Conclusion: We did not demonstrate any benefits of 3D vision system over conventional 2D for the task of laparoscopic vaginal cuff suturing performed by surgeons-in-training. RCT Registration Number NCT02192606 https://clinicaltrials.gov/ct2/show/NCT02192606 (July 17, 2014).
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http://dx.doi.org/10.1007/s00464-019-06886-9DOI Listing
March 2020

Feeling lucky: hierarchies of suffering and stories of endometrial cancer in a Danish context.

Sociol Health Illn 2019 06 10;41(5):950-964. Epub 2019 Feb 10.

Research Unit of General Practice, Department of Public Health, Faculty of Health Sciences, University of Southern Denmark, Odense, Denmark.

Illness stories are a prime analytical way of understanding patient perspectives on cancer. Nevertheless, limited studies have focused on stories of endometrial cancer. An ethnographic study including participant observation and interviews among 18 Danish women with endometrial cancer was conducted to examine prevalent stories and the ways the women responded to them. In this article, the analysis focuses on two exemplary cases, which present a line of issues related to the kinds of experiences that suffering includes. Findings illustrate that feelings of luck were central to the experience of being diagnosed, treated and cured, which was related to the way health professionals framed endometrial cancer as favourable through notions of curable/incurable, trivial and gentle/invasive and brutal, and aggressive/non-aggressive. Drawing upon the concept of a 'hierarchy of suffering', we exemplify how women tended to scale own experiences of suffering against others', leading some to believe they were not in a legitimate position to draw attention to themselves nor seek help and support, despite adverse physical, psychosocial effects. Thus, feelings of being lucky were intertwined with a sense of ambivalence. We conclude by discussing how suffering arises within a moral context, suggesting that the ways we speak of cancer may make some experiences unspeakable. This calls for increased clinical attention to more diverse narratives of cancer.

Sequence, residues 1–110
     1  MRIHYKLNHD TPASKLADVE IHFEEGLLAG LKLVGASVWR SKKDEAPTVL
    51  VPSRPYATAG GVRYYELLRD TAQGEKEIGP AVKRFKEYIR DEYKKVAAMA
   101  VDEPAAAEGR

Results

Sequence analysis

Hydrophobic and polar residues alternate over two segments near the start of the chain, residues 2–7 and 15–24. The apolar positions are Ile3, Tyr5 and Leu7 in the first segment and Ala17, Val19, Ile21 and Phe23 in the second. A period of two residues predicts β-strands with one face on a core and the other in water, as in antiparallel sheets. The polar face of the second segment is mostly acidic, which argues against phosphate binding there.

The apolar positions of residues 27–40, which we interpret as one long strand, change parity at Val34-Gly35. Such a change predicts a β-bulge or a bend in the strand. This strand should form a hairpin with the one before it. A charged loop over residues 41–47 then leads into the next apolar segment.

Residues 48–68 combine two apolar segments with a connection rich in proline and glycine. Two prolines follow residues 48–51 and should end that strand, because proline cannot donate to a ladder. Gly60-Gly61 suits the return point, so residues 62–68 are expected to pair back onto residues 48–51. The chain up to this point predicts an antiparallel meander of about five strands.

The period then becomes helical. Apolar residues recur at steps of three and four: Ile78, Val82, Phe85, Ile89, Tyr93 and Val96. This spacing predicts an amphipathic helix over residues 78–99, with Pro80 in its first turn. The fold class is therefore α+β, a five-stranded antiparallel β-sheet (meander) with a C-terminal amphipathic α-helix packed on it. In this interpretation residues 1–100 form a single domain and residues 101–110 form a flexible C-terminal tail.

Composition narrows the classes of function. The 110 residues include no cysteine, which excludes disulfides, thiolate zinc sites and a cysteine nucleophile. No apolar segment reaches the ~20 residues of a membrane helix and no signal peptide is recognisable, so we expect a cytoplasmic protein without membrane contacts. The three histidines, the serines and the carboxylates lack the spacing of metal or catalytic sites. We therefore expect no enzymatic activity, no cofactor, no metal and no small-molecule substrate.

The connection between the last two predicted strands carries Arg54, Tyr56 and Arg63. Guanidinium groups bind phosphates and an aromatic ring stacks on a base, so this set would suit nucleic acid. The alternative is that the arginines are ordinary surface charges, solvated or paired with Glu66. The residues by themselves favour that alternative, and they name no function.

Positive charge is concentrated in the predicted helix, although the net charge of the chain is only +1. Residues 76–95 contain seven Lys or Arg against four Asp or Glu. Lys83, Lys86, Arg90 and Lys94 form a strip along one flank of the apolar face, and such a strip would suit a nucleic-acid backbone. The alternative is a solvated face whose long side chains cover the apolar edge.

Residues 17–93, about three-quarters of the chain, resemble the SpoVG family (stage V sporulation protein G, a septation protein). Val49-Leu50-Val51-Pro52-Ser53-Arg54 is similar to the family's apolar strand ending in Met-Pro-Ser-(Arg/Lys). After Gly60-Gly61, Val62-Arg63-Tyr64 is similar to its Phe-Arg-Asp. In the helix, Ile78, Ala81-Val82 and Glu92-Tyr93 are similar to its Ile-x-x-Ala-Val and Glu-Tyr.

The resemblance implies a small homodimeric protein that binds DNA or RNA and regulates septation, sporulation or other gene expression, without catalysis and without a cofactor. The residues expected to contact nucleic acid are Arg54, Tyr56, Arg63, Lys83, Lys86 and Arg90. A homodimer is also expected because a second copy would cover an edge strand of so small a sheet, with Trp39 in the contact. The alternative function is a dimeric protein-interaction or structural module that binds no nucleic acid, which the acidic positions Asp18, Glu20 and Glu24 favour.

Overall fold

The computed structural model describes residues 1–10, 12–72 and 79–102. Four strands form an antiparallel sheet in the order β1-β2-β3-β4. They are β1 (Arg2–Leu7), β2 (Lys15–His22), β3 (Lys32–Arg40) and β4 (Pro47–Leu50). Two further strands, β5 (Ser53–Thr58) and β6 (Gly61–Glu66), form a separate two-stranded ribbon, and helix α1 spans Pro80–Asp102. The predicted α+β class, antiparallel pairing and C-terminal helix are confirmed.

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http://dx.doi.org/10.1111/1467-9566.12875DOI Listing
June 2019

Hysterectomy-Who should be trained to do it?

Acta Obstet Gynecol Scand 2019 06 27;98(6):814. Epub 2019 Feb 27.

OLVG locatie Oost, Amsterdam, the Netherlands.

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http://dx.doi.org/10.1111/aogs.13571DOI Listing
June 2019

Hysterectomy-Should all residents learn to perform it?

Acta Obstet Gynecol Scand 2019 01;98(1):5-6

Department of Obstetrics and Gynecology, Onze Lieve Vrouwe Gasthuis (OLVG, Our Lady's Guest House Hospital), Amsterdam, The Netherlands.

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http://dx.doi.org/10.1111/aogs.13507DOI Listing
January 2019

"But this is a good cancer:" Patient perceptions of endometrial cancer in Denmark.

J Clin Nurs 2019 Jan 1;28(1-2):245-256. Epub 2018 Aug 1.

Research Unit of General Practice, Department of Public Health, Faculty of Health Sciences, University of Southern Denmark, Odense C, Denmark.

Aims And Objectives: To explore endometrial cancer patients' perceptions of the disease and the influence of favourable prognoses on their experiences.

Background: Endometrial cancer is associated with favourable prognoses, which may imply that patients experience distress to a lesser extent than other cancer patients with less positive treatment outcomes. However, most people with cancer report reduced quality of life and, despite endometrial cancer being prevalent worldwide, experiences of the disease have been little explored.

Design: Ethnographic fieldwork with participant observations and interviews.

Methods: Observations during clinical consultations at two Danish hospitals and interviews with women with endometrial cancer (n = 18) over a period of 6 months. The article adheres to the COREQ guidelines for reporting qualitative research.